Assassination of a High School President
A small indie film titled Brick was featured in the 2005 Sundance Film Festival. Brick is a completely entertaining high school throwback to classic detective and noir flicks of the ‘40s
and ‘50s. It has remained fairly off the radar because of its artsy quality, but if there were a mainstream version of
Brick, it would be Assassination of a High School President.
Assassination is a fun spin on retro flicks about snoopy reporters trying to crack huge cases; in this instance, it’s the theft of ACTs from a prestigious high school principal’s office.
The writing of Assassination is witty and intelligent, transforming big, adult scenarios into the perfect teenage equivalent. The characters are natural, smooth and charismatic, which is mostly due to a fitting cast.
Although Assassination mostly features unrecognizable actors, there are a few big names involved. The O.C.’s Mischa Barton plays the popular, desired vixen, and Bruce Willis plays the strict Desert-Storm-soldier- turned-principal of St. Donavan’s private school.
Yari Film Group acquired the
rights to Assassination, with a tentative release date scheduled for later this year.
Be Kind Rewind
In 2004, French music video director Michel Gondry knocked the film industry out with one of the best indie films of all time, Eternal Sunshine of the Spotless Mind. His latest film, Be Kind Rewind, is a completely different type of film but still as entertaining as could be.
Though not nearly as artsy as Eternal Sunshine, Be Kind lacks nothing any Gondry fan would desire: It’s visually dazzling and an extremely fun idea to see played with.
Be Kind stars Jack Black and Mos Def as two dimwits in charge of managing a video store while the owner (Danny Glover) is out of town. After being electrocuted at a power plant, Jack Black’s now magnetic persona erases all of the videotapes. Instead of having their boss return home to a ruined store, this dynamic duo decides to remake each movie and rent those out to the public.
It doesn’t take long to fall in love with this feel-good movie, just as the community falls in love with the almost eye-popping remakes of such hits as Rush Hour 2, Ghostbusters and Driving Miss Daisy.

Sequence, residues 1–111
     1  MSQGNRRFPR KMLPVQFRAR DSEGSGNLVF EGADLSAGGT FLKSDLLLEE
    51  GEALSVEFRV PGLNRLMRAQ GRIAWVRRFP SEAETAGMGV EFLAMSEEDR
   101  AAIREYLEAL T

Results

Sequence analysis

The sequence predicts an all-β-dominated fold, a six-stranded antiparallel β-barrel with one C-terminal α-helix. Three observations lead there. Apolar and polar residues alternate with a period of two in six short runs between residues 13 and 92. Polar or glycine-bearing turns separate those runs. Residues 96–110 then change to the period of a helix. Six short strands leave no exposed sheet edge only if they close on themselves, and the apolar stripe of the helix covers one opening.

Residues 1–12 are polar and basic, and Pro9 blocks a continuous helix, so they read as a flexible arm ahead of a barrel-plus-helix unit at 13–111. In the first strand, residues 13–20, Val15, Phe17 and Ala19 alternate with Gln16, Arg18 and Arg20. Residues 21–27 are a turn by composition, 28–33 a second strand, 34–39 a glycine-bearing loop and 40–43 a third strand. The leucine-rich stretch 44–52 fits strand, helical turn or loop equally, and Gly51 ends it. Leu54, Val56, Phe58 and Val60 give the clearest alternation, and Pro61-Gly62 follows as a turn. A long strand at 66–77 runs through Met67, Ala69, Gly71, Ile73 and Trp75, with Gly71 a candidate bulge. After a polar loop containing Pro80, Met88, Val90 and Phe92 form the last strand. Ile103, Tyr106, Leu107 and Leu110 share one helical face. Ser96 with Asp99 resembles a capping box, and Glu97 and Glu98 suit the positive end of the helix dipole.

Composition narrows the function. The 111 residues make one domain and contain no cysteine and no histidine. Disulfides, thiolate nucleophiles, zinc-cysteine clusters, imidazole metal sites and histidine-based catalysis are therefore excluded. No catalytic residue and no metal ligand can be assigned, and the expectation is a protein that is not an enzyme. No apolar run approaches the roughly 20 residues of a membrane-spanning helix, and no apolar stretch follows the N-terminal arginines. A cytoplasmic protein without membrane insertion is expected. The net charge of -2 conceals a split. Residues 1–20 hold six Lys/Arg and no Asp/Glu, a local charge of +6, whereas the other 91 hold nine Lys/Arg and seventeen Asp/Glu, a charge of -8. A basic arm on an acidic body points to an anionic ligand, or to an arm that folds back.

Be Kind Rewind is set to open nationwide on Feb. 22.
People became acquainted with writer Chuck Palahniuk after director David Fincher brilliantly adapted his first novel, Choke , in 1999. Nine years later, someone has finally had the gumption to take on the difficult challenge of putting another Palahniuk novel on the big screen: Choke.
Choke tells the story of Victor, the sex-addict son (Sam Rockwell) of a dying woman (Anjelica Huston) with a dementia-like illness. Because of her condition, she never recognizes Victor as her son, but sees him as one of the lawyers she knew in her deranged life.
As his mom’s condition gets worse, Victor’s obsessive, life-long objective switches from random sex with strangers to learning the secret identity of his true father, which task will lead him down a divine road mixed with deception, love and confrontation.
Many people are hoping Choke will be another Fight Club but the ride they’re going to get is incomparable. Choke in a completely different way from Fight Club is a genius, brightened dark comedy. It succeeds in every aspect. From irreverent laughs and unimaginable imagery to the surprise ending, Choke will satisfy anyone who can stomach the viewing the world through a sex addict’s eyes.